The Rothamsted Memoirs on Agricultural Chemistry and Physiology, Volume 6

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Rothamsted Experimental Station, 1890

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Page 46 - I propose to take up the subject of the feeding of animals, for the production of meat, milk, and manure, and for the exercise of force — that is, for their labour.
Page 23 - The amount of tissue metamorphosed in a given time, may be measured by the quantity of nitrogen in the urine. "The sum of the mechanical effects produced in two individuals, in the same temperature, is proportional to the amount of nitrogen in their urine; whether the mechanical force has been employed in voluntary or involuntary motions, whether it has been consumed by the limbs, or by the heart and other viscera.
Page 34 - I shall be happy if I succeed in attracting the attention of men of science to subjects which so well merit to engage their talents and energies. Perfect agriculture is the true foundation of all trade and industry — it is the foundation of the riches of states.
Page 34 - Transactions of the Highland and Agricultural Society of Scotland, ' ' Vol. 22, says : "The greatest practical obstacle in the way of agricultural organization is generally the difficulty of finance. A very large number of those who might benefit most by co-operation are prevented from taking advantof it because they deal on long credit with the merchants who supply them.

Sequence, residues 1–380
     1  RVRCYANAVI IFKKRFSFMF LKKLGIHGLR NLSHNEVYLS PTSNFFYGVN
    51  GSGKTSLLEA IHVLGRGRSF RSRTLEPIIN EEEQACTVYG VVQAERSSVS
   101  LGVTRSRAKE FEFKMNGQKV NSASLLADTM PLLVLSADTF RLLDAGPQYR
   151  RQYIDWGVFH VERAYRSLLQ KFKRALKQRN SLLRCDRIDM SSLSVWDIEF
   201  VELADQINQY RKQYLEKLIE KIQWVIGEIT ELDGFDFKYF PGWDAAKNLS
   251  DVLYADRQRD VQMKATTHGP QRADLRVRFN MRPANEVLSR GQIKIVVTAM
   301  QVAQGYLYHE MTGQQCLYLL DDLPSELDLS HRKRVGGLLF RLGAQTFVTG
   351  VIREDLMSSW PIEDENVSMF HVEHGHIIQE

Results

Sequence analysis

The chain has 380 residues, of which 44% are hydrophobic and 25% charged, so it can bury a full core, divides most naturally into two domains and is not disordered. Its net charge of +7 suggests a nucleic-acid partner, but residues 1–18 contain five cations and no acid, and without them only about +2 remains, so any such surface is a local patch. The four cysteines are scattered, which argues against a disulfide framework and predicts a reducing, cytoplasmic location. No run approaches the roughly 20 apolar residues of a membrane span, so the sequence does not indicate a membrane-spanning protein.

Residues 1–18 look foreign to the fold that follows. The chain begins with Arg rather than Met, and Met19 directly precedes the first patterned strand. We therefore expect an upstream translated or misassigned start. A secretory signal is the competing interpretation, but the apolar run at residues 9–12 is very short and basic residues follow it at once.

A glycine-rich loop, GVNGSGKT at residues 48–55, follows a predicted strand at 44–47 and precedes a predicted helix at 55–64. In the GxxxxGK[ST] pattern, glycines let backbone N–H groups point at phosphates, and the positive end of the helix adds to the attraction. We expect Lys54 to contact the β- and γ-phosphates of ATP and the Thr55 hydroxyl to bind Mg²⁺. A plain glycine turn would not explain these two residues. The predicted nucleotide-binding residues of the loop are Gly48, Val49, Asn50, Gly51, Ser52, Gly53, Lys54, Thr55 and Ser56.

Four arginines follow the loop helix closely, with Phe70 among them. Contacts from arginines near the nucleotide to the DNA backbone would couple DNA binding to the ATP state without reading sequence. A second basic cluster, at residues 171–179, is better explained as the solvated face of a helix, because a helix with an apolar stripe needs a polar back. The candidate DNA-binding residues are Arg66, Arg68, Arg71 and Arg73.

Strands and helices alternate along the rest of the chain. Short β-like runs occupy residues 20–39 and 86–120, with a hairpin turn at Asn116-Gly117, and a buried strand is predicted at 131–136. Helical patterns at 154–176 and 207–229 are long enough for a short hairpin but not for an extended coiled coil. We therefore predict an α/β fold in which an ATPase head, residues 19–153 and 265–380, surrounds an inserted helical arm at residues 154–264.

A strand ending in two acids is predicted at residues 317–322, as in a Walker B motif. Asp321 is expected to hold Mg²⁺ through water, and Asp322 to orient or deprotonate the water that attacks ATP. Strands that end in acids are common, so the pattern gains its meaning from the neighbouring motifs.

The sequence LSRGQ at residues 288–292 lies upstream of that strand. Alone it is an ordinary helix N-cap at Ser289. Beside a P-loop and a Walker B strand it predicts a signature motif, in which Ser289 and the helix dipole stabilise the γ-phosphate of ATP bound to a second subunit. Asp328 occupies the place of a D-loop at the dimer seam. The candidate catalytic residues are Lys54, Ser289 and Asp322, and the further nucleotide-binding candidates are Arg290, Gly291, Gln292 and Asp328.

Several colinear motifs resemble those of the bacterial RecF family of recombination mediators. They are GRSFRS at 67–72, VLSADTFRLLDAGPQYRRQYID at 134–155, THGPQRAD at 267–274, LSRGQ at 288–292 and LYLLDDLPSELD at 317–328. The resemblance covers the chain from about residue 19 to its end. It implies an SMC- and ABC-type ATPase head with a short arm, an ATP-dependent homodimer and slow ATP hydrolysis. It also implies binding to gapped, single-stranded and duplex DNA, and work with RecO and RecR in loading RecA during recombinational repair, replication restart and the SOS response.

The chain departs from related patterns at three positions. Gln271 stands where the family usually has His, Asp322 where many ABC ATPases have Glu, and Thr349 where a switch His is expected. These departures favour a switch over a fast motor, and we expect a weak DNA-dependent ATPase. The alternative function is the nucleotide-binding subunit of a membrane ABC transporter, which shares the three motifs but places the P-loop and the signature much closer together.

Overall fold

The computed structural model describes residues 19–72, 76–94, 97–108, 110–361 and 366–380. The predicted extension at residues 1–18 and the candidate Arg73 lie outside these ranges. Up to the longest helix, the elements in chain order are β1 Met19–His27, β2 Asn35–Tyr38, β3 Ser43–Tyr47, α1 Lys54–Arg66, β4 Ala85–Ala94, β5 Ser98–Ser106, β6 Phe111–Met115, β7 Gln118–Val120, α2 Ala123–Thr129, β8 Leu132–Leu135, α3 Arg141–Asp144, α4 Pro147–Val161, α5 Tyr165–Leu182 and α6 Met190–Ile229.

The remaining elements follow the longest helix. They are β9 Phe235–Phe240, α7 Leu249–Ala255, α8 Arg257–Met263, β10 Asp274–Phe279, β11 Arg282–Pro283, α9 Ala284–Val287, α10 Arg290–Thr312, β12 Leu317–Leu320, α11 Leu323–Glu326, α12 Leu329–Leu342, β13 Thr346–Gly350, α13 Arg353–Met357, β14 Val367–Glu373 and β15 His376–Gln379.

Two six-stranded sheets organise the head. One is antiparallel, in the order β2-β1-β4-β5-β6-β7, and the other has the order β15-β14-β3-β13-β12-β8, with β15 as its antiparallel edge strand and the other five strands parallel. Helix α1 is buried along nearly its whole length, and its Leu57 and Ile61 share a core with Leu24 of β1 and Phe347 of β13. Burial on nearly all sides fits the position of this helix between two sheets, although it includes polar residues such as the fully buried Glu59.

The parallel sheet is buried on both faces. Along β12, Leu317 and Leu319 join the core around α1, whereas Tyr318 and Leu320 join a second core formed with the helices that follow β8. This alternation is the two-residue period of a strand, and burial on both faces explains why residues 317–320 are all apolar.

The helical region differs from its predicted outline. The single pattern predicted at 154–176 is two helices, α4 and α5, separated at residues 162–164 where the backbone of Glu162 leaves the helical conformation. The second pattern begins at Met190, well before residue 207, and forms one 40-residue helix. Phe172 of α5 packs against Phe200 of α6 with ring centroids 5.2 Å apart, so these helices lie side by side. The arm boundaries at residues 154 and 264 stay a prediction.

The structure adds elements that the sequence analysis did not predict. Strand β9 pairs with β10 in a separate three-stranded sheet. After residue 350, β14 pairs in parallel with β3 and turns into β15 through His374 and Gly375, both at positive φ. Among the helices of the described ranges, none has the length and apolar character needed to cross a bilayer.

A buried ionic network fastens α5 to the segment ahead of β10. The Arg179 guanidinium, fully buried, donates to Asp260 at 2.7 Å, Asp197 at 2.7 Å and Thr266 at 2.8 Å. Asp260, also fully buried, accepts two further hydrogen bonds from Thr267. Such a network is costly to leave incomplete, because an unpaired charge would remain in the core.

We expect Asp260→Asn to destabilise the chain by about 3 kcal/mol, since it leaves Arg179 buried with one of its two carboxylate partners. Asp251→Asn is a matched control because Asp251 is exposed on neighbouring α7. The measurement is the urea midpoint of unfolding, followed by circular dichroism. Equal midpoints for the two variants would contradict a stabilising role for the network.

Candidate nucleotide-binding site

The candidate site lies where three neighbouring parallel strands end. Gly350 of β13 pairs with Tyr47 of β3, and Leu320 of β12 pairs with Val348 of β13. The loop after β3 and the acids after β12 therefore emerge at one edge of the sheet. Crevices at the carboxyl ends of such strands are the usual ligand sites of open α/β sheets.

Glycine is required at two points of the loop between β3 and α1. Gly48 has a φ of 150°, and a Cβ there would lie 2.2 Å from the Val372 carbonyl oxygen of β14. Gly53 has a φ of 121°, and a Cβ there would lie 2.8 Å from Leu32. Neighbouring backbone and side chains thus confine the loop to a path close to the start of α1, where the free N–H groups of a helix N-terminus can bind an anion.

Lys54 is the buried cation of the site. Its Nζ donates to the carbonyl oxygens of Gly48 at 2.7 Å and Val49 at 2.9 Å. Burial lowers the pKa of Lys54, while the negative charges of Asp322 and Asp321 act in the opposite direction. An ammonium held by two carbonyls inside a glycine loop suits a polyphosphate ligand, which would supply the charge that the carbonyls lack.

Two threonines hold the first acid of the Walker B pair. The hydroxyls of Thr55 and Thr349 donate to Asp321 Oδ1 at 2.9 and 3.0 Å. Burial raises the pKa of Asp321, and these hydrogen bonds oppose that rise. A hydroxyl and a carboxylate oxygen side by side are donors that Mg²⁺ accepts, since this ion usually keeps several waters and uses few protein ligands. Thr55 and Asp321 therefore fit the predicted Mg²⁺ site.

Page 22 - ... growth and its power of resistance. We find that this change of properties is accompanied by the entrance of a foreign body (oxygen) into the composition of the muscular fibre...
Page 15 - West Australian to victory, triumphing over a field of twenty,eight starters. In the able essay upon ' Half-bred Horses for Field or Road,' contributed by Lord Cathcart to the last number of the ' Journal of the Royal Agricultural Society...
Page 13 - In our earlier papers we had concluded that, excepting the small amount of combined nitrogen annually coming down in rain and the minor aqueous deposits from the atmosphere, the source of the nitrogen of...
Page 34 - Perfect agriculture is the true foundation of all trade and industry — it is the foundation of the riches of states. But a rational system of agriculture cannot be formed without the application of scientific principles ; for such a system must be based on an exact acquaintance with the means of nutrition of vegetables, and with the influence of soils and actions of manure upon them.

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